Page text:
A man named Luke recorded a couple of amazing things about the life of Jesus. As both a doctor and an historian, Luke was an excellent “noticer.”
In first-century biographies, a person’s early life usually wasn’t mentioned. So it’s not uncommon that two of the four Gospel writers don’t pick up Jesus Christ’s life story until He was about 30 years old. Even Matthew, who did record something about the birth of Jesus, didn’t go into much detail.
Luke, however, notices two important things.
First, in covering the first 12 years of Christ’s life Luke says, “The Child grew and became strong…” (Luke 2:40).
The Greek word Luke uses for grew means a continual process of increasing. Sometimes we mistakenly think this means a continual movement on a graph upward and to the right. But I’ll give you one instance where this is not the case—when we record someone’s height, we do so in feet not in years. In other words, we say someone is 6’4” tall, but we don’t say they are 6-years and 4-months fall. We understand there is a limit to that sort of growth.
What Luke is referring to is a different kind of continual increasing. All of us go through four quadrants as we learn:
- unconscious incompetence—we’re no good in an area but we don’t even know it
- conscious incompetence—we know that we’re no good in an area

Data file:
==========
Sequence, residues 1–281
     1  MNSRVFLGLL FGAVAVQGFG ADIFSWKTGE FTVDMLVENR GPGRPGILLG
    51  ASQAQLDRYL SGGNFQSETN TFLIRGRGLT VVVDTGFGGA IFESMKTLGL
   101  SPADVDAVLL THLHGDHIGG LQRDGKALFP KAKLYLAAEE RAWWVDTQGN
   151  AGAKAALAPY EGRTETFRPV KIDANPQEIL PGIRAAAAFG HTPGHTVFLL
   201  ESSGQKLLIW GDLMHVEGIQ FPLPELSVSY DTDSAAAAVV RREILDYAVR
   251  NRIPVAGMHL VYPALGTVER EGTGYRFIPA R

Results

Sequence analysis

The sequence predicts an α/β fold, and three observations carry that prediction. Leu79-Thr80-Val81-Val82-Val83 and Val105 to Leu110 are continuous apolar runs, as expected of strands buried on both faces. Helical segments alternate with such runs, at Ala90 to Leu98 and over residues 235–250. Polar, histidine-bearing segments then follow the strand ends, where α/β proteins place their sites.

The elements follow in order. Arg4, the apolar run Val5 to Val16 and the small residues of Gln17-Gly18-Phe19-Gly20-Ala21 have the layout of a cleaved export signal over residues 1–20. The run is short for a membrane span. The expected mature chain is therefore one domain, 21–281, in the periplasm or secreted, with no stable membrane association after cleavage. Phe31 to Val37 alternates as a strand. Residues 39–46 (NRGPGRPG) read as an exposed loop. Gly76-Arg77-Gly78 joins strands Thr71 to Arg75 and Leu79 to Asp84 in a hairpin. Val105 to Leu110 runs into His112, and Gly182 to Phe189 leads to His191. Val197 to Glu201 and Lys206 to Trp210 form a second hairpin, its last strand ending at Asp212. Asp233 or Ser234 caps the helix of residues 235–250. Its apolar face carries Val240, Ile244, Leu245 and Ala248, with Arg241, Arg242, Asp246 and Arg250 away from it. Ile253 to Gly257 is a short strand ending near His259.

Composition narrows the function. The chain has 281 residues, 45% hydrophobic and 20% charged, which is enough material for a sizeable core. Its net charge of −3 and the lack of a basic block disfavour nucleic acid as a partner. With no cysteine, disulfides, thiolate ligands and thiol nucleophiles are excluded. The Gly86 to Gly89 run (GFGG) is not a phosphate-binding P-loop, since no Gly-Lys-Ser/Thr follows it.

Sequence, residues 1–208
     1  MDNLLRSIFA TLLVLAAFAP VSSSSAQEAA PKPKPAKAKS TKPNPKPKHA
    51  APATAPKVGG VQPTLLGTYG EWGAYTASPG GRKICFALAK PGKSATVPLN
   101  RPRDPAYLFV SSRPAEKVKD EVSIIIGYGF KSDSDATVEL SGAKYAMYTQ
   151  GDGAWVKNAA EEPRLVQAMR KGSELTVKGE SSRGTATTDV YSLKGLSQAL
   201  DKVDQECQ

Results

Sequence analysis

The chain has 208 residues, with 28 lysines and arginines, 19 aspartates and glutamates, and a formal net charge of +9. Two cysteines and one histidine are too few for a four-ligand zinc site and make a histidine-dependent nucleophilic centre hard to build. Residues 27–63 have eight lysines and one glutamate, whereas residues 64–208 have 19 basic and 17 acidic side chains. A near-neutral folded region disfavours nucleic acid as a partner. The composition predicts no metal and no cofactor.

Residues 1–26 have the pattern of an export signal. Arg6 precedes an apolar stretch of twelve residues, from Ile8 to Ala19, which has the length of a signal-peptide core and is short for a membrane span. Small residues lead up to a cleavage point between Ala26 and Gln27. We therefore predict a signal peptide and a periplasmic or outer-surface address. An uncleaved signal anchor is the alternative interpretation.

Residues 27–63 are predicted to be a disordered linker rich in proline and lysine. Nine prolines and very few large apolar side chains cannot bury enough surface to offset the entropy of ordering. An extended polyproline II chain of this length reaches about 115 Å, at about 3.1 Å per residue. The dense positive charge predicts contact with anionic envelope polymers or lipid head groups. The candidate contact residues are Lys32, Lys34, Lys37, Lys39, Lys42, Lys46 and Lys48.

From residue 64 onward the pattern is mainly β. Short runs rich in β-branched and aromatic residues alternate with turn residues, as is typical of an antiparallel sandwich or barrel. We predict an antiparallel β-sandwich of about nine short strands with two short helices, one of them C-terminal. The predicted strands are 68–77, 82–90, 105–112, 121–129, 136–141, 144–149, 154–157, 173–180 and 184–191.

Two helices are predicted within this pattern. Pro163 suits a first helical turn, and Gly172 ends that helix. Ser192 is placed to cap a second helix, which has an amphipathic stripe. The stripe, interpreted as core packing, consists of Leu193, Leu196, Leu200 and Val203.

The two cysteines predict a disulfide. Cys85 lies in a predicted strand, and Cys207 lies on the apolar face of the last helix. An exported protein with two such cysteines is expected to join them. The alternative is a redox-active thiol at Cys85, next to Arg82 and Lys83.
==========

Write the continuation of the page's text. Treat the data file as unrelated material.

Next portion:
- conscious competence—we’re good in an area but we still have to think about what we’re doing
- unconscious competence—we’ve gotten so good in an area that we no longer need to think about it
When Luke said Jesus grew, he meant not upward and to the right, but a continual cycle of learning what He didn’t know and increasing His competence in that area. When Luke said Jesus grew and became strong, he was saying that Jesus learned how to apply the lessons He was continually learning.
Second, in covering Christ’s next 18 years Luke says, “Jesus grew” (Luke 2:52), but he uses an entirely different word. This Greek word means to be hammered out, as a blacksmith hammers metal into shape. Notice that Jesus is not the One doing the hammering, but He is the One submitting to His Father’s hammering. He is letting God the Father shape Him into what He needs to be.
Luke says that Jesus grew in…
- …wisdom—mental health
- …stature—physical health
- …favor with God—spiritual health
- …favor with men—emotional (or social) health
In other words, Jesus was growing in a wholly healthy way. God wants us to be wholly healthy too. He wants us to continually allow Him to point out areas where we are lacking, and then submit to His guidance on how we can improve in those areas.
I’ll be exploring these four areas—mental, physical, spiritual and emotional—over the next few weeks. But in the meantime, why don’t you pray the prayer David prayed and ask God’s Spirit to search out any areas where you are falling short of optimal health. And then submit to God’s work of helping you get wholly healthy in every area of your life.